When Carter in 1979 changed his hair part from right to left and added a little tint, Pitts was aghast, confiding to friends, "That guy is not going to last." One Pitts theory was that untested leaders could, with seemingly % innocent things, set off a slide into oblivion. In Pitts' view, Carter's hair change was too dramatic, suggesting self-adulation. And when Clinton had his $200 haircut from Beverly Hills' Christophe aboard Air Force One, Pitts predicted an image implosion because the new President would be viewed as indulgent and undignified.
Pitts was a purveyor of subtlety. He got Richard Nixon to forgo the dollop of "greasy kid stuff," giving him a more natural appearance. Jerry Ford was still trying to comb a few wispy strands of hair over his nearly bald pate when Milt got his clippers on him. He shortened the top and lengthened the sides, playing to nature's own honest impulses.
Pitts' challenge with Ronald Reagan was to bring Hollywood into the aura of Thomas Jefferson without losing individuality. He sculpted the Reagan pompadour to more modest dimensions but kept the slightly unruly wave up front, suggesting a man of flair, but disciplined. George Bush needed less attention than the others, but Pitts found that a slightly rounder cut helped soften Bush's lean face. When Bush lost the l992 election, Milt was chagrined. There had to be some other factor, he reckoned, worrying that Clinton's mod, over-the-ears hair had turned the tide, though Pitts was convinced Clinton's hair was not short enough and was too pointed on the top. He would have helped Clinton, claiming that "my scissors are neither Republican nor Democrat," but by then he was hopelessly pegged as a Republican journeyman. He gathered up his tools and returned full time to his shop in the nearby Sheraton-Carlton Hotel, where other famous clients, including former Secretaries of State William Rogers and James Baker, came in for their $25 trims along with free advice on world and national affairs.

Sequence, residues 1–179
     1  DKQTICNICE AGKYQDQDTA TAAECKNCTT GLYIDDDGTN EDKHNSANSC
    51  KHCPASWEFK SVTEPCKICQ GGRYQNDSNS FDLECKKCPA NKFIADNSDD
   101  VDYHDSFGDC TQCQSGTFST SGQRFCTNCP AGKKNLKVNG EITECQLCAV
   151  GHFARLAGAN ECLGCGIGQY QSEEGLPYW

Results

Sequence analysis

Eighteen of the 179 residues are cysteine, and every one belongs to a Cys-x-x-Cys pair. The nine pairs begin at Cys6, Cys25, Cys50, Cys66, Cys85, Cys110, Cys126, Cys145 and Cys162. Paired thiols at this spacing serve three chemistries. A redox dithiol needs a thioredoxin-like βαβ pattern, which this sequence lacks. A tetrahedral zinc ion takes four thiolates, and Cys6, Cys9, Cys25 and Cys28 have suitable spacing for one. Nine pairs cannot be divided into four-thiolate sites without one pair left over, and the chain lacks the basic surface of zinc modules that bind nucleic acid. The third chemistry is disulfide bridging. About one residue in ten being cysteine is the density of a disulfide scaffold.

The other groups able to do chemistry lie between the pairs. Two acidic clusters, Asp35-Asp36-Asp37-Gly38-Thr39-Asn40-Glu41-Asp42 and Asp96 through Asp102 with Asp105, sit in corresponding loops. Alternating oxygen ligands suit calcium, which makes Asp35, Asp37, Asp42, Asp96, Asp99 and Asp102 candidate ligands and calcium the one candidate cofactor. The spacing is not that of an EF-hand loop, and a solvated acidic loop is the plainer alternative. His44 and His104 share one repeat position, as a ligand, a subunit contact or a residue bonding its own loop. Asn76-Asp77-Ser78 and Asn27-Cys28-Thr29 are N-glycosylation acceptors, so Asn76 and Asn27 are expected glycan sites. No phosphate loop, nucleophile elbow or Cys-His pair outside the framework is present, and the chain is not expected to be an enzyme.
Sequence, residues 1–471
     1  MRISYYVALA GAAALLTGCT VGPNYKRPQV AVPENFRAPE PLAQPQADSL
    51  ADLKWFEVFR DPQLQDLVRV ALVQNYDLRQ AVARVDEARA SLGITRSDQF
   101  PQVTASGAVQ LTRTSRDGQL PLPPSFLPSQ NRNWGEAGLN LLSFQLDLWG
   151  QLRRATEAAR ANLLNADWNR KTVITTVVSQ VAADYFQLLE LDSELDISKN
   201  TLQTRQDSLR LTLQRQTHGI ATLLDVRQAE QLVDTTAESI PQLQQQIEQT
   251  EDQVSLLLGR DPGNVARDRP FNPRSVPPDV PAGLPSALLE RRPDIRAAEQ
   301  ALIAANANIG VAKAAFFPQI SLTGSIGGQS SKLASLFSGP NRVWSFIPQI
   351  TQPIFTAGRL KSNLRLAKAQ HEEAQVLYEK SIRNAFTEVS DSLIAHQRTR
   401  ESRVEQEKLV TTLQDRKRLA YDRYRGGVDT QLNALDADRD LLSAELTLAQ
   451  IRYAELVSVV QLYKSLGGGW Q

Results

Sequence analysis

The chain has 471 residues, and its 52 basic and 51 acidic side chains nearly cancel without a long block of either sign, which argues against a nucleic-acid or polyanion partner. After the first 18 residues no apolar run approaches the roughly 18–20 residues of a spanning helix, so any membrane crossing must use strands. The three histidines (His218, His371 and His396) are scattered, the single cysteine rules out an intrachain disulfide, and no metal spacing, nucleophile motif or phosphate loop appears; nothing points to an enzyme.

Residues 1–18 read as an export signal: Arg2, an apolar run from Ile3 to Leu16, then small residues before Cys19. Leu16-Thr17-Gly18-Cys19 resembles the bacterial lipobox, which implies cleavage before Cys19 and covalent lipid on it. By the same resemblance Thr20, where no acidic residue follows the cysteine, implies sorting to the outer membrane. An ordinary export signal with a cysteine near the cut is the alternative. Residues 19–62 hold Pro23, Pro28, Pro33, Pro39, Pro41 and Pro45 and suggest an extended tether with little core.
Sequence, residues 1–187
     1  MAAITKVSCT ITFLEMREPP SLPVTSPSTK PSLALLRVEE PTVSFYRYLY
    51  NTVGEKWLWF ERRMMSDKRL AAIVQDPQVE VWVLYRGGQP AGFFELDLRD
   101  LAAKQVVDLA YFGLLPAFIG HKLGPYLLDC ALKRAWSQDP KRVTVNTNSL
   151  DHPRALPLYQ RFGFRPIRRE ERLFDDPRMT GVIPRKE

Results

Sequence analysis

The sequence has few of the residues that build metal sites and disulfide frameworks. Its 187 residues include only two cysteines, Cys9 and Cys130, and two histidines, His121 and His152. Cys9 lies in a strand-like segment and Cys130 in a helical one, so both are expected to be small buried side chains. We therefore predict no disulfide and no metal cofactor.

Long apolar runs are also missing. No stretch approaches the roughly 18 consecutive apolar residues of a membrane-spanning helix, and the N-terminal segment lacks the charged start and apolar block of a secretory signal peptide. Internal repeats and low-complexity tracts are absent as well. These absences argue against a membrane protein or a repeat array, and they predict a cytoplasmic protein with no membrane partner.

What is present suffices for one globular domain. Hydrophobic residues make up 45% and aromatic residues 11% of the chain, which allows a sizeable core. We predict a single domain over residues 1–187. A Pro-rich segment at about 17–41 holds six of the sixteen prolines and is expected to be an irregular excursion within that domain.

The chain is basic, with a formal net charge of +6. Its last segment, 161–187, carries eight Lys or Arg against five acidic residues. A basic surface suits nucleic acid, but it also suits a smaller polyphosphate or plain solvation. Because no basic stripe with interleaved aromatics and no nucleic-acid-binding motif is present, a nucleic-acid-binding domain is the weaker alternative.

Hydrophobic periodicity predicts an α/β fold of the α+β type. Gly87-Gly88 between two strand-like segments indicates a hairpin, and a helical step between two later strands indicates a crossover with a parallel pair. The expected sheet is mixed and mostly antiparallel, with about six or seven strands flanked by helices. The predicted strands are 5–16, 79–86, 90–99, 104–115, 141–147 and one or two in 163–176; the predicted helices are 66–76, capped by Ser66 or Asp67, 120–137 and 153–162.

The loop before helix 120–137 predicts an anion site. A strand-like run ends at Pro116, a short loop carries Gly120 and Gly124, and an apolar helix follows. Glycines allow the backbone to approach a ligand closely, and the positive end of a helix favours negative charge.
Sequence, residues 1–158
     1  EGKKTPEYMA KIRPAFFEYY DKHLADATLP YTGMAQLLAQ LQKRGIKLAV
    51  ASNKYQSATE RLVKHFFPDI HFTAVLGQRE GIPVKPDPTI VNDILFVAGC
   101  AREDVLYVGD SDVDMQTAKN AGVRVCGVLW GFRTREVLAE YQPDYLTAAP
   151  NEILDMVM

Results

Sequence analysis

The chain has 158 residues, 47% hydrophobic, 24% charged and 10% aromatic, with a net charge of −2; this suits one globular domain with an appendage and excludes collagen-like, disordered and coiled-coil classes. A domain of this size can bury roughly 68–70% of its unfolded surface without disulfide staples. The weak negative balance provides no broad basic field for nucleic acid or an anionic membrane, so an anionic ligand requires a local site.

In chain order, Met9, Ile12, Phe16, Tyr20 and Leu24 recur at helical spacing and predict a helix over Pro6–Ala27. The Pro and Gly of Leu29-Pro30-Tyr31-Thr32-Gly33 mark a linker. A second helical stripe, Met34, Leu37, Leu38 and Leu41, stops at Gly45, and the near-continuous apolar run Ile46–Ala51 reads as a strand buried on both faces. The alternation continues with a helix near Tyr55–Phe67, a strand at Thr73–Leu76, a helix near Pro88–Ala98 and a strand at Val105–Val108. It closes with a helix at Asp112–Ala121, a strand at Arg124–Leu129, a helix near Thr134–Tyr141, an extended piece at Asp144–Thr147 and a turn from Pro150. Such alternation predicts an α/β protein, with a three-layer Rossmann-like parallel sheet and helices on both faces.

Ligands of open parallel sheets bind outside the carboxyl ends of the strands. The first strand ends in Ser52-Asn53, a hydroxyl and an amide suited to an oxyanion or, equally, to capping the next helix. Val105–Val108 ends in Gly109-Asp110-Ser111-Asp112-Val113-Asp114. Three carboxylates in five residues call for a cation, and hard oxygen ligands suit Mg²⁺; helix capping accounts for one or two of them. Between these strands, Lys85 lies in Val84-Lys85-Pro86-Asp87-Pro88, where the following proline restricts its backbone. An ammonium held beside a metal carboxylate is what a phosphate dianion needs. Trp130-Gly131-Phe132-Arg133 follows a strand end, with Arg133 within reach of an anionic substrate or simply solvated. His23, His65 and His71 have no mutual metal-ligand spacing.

Some things, however, Pitts never talked about. A surprising number of his power clients came quietly to him to experiment with the new hair-growing potions. Pitts would say none of them really worked satisfactorily. But that was about all this wonderfully open and hearty man kept secret. When people suggested Reagan was dyeing his hair, Milt, who adored the actor turned President, gathered up a few of his White House clippings, brought them out and showed them to the skeptics. The hair Pitts displayed had one silver strand for every 50 deep-brown hairs, not something that could be arranged in a tint. The fact was that Pitts had a fascination with Reagan's enduring and abundant turf. One day, while standing at the back of a crowd listening to Reagan speak, Milt leaned over and, with an affectionate chortle, said, "Look at him. Without that head of hair and that smile, he still might be selling Wheaties in Iowa."